Missouri women’s basketball’s scoring spurts against New Orleans propels them to second victory of the season

After a tough loss to No. 20 Missouri State on Monday, the Tigers fell into a steady rhythm on offense against New Orleans.

Aijha Blackwell refused to be silenced like she was in the first half against No. 20 Missouri State Monday night.

Missouri’s star sophomore led the Tigers’ offense with 16 points scored and contributed to multiple dominant scoring runs against New Orleans.

The Missouri offense dictated the game from the start. Missouri forward LaDazhia Williams scored the first two points of the game and continued to impress, aggressively ambushing the Privateers defense.

The Tigers shot 63.2% from the field Wednesday, their tenth-best mark in program history, and they never surrendered the lead and cruised to a 39-point win against New Orleans.

The Missouri offense never slowed down, which allowed coach Robin Pingeton to extend all 12 Tigers the chance to play in the landslide victory.

Two freshmen, Sara-Rose Smith and Jayla Kelly, scored their first points as collegiate athletes on Wednesday night. Players one through 12 found themselves in the middle of the action on Wednesday night, with each Missouri player appearing at some point.

“You love, as a coach, to get those players out there,” Pingeton said after the game. “Everybody puts in a lot of time, works really hard and it’s a chance for them to show what they can do in a game environment.”

Pingeton also emphasized that Missouri has eight athletes that could step up and be a part of the Tigers’ lineup.

Missouri’s depth will be especially helpful this week, with the Tigers playing four games in the span of seven days, with back-to-back matchups this Saturday and Sunday.

After a break from action, the Tigers’ focus remains on finding the rhythm they had developed during their dominant win over North Alabama. Now, having multiple games under their belt, Missouri can finally search for the steady rhythm necessary for their success in Southeastern Conference play.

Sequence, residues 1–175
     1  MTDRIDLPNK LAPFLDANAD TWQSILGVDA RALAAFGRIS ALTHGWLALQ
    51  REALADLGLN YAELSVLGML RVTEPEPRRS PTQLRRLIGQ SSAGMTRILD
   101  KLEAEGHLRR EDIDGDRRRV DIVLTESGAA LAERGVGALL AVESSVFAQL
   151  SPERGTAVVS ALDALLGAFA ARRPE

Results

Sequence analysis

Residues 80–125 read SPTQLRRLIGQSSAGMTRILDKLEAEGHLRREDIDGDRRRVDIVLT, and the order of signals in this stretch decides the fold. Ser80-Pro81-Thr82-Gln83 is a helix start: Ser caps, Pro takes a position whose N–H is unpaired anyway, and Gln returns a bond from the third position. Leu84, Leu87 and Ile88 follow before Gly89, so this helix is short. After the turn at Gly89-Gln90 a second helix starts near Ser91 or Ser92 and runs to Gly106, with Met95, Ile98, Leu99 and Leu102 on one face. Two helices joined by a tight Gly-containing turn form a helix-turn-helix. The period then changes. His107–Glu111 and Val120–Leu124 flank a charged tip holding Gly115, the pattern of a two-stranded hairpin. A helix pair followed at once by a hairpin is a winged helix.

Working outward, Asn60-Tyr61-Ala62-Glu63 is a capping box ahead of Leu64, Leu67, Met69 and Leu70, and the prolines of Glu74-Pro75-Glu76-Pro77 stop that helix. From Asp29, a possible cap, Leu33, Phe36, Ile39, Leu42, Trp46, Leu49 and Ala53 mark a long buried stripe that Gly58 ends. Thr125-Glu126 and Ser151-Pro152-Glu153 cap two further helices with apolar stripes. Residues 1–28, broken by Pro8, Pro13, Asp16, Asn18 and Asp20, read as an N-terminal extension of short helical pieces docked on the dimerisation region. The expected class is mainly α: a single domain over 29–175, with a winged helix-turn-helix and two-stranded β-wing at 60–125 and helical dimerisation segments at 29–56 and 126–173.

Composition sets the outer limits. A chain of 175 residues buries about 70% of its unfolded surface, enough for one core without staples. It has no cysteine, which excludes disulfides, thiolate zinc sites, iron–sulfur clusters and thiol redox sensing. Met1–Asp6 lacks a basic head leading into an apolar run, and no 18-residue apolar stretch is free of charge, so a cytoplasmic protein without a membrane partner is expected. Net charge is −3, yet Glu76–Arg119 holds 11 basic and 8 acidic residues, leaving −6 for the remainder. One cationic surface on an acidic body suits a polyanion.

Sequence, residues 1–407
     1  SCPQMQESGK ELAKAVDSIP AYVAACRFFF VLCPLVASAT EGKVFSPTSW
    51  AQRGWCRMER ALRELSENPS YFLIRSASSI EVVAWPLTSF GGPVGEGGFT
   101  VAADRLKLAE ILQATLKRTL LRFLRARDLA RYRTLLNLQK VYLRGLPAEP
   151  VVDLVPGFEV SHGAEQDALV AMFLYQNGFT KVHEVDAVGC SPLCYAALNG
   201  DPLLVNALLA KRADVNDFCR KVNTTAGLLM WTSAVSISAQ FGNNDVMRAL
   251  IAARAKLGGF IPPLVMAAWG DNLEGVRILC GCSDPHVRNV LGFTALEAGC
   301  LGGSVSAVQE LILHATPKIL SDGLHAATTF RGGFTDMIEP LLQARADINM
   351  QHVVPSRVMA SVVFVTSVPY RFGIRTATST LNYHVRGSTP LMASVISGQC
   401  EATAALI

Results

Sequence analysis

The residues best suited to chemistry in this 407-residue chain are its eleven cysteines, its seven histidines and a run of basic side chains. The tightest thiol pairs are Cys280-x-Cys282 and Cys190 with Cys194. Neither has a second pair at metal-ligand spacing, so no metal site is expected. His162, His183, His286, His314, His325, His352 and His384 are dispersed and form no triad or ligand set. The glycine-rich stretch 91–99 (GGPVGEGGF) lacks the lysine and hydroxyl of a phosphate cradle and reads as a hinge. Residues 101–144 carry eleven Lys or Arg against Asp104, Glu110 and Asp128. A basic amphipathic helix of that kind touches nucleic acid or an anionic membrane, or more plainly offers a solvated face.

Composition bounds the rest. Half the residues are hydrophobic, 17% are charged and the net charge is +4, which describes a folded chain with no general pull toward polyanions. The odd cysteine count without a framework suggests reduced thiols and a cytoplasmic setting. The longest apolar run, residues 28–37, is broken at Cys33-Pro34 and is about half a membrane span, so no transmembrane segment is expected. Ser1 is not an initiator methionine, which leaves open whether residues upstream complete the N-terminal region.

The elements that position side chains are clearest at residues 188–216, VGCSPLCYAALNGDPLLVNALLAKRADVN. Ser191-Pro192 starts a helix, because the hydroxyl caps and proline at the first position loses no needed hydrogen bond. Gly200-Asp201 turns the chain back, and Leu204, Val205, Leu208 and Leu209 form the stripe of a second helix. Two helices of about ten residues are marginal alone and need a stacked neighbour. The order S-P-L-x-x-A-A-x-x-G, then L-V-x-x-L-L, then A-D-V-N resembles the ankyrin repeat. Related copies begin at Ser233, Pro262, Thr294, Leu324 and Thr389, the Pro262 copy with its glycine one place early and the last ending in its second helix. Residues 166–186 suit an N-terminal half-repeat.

All 12 players getting consistent touches in a game environment is bound to establish depth and game IQ within all Missouri players that can strengthen their roster and their overall team chemistry.

Pingeton preaches about the importance of a support system attached to a vocal and supportive bench. The Missouri players understand that the more people who can get on the court, the better, and are supportive of their teammates, Pingeton notes.

“We already know what they can do, but sometimes the minutes don’t add up,” Williams said. “It’s kind of fun being a cheerleader for my teammates sometimes.”

After their blowout loss against state-rival Missouri State, Pingeton said it was imperative the Tigers tightened up their defense and cleaned up controllable aspects of the game to compete in one of their final non-conference games.

Pingeton was happy with the Missouri win but felt there was still a need for improvement.

“Today was the first day back on the court [since Monday’s loss to Missouri State] and I think there’s some things that we can take away from all of it,” Pingeton said. “There were things that were really good that we need to continue to do but a lot of areas that we’ve got to continue to watch film on, break down, to practice and get better.”

Edited by Kyle Pinnell | kpinnell@themaneater.com

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